Will total U.S. ag exports rise if China buys more?

If there is a surge in China’s purchase activities, would that, in turn, move the needle on total U.S. ag exports?

Without a doubt, the best outcome from the Phase One agreement with China “is the possibility of U.S. exports to China returning to pretrade war levels,” says economist Dave Widmar. But it’s not clear how larger sales to China would affect overall U.S. ag exports, which are forecast at $139 billion this year and have varied from a low of roughly $130 billion to a record-high $152 billion over the past several years.

“If there is a surge in China’s purchase activities…would that, in turn, move the needle on total U.S. ag exports?” asked Widmar in the Agricultural Economic Insights blog. When China slashed its purchases by nearly $9 billion in fiscal 2019, the U.S. export total fell by roughly $5 billion. “This is to say the global trade economy adjusts.” Alternative markets were found for some of the lost sales to China. Canada, Mexico, the EU, Japan, and South Korea also are major customers for U.S. farm products.

The Phase One agreement calls for China to buy $40 billion a year of U.S. farm exports, depending on market conditions. “If China’s purchases of ag and related products exceeded $35 billion in 2020, how does the $20 billion increase translate into total U.S. ag exports? It is unlikely to have a dollar-for-dollar impact,” wrote Widmar.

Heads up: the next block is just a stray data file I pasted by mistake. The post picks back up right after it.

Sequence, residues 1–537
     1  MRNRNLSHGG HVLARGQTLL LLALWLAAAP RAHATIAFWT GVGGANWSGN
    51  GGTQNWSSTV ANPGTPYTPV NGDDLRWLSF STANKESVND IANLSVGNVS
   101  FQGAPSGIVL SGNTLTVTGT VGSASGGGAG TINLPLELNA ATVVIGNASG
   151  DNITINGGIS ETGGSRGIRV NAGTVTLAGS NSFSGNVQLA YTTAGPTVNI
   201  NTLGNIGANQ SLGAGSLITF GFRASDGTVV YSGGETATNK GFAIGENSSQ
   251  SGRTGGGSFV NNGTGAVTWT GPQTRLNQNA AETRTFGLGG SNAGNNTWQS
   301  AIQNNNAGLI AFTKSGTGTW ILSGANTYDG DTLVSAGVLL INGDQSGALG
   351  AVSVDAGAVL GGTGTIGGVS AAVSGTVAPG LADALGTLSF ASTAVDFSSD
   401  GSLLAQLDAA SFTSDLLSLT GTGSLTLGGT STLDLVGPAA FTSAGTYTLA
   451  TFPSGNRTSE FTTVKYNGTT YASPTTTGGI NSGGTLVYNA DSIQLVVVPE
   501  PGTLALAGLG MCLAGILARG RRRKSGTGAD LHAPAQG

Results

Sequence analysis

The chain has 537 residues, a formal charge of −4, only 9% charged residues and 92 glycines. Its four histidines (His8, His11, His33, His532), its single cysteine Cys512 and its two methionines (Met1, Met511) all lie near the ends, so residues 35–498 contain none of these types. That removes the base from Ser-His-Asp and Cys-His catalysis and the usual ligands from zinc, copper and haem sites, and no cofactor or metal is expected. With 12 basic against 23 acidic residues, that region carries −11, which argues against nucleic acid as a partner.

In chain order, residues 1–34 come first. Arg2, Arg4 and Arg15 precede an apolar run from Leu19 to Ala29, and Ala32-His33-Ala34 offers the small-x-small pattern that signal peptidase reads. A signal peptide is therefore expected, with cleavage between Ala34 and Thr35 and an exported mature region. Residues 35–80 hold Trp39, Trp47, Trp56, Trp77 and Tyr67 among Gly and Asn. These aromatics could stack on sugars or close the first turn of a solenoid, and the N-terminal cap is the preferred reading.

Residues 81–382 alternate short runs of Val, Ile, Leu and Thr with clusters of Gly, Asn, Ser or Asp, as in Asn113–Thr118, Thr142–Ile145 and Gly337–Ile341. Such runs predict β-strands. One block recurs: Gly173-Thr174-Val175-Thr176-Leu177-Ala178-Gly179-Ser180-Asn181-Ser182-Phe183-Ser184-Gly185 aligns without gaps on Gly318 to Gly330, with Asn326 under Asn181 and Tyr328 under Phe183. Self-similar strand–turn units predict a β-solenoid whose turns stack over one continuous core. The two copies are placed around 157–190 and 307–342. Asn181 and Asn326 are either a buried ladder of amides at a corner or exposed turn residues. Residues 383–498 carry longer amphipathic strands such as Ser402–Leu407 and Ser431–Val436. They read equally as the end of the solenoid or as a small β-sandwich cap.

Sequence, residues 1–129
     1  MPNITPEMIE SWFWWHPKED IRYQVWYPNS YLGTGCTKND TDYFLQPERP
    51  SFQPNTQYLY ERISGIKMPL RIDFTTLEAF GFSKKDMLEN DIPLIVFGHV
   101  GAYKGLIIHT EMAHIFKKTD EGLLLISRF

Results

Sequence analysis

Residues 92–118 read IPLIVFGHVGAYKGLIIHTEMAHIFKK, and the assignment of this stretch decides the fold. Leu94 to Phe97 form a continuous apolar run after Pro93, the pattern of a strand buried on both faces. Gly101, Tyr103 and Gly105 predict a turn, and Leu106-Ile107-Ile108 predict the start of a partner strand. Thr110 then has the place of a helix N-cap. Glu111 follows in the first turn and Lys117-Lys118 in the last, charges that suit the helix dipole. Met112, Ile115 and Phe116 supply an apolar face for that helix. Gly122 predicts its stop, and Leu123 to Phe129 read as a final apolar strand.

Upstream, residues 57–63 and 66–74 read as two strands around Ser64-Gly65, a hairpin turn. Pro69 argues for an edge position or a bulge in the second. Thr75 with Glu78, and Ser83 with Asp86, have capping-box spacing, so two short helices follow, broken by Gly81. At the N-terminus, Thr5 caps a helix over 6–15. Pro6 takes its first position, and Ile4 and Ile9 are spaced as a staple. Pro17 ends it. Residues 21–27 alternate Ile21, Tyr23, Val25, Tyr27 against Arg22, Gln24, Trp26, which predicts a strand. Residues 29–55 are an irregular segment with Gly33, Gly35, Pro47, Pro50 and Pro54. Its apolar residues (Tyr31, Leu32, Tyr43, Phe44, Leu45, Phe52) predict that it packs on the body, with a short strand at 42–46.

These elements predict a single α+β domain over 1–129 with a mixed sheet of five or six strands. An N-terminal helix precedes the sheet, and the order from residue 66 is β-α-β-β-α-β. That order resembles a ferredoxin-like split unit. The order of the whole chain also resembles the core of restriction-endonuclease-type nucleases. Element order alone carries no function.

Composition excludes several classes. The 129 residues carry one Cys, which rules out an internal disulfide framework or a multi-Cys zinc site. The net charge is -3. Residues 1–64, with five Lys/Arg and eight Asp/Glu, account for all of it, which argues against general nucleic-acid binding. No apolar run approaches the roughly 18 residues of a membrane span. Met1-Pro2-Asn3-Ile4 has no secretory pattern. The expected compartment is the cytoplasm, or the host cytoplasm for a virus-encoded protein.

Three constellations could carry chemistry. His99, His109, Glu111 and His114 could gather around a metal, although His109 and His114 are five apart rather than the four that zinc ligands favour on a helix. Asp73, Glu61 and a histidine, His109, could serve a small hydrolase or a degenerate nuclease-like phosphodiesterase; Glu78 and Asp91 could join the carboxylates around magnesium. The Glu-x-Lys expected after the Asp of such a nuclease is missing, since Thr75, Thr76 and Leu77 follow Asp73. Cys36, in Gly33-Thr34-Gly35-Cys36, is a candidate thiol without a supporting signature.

Soybean futures prices dropped below $9 a bushel in Chicago markets on Monday, partly due to concern about the spread of the Wuhan coronavirus. “Uncertainty about the effect of the coronavirus outbreak on economic growth in Asia may stay around for a while,” wrote economist Todd Hubbs of the University of Illinois at the farmdoc Daily blog. “The absence of substantial (soybean) buying out of China looks to confirm the pessimism associated with the trade deal and place downward pressure on soybean prices.”

Produced with FERN, non-profit reporting on food, agriculture, and environmental health.
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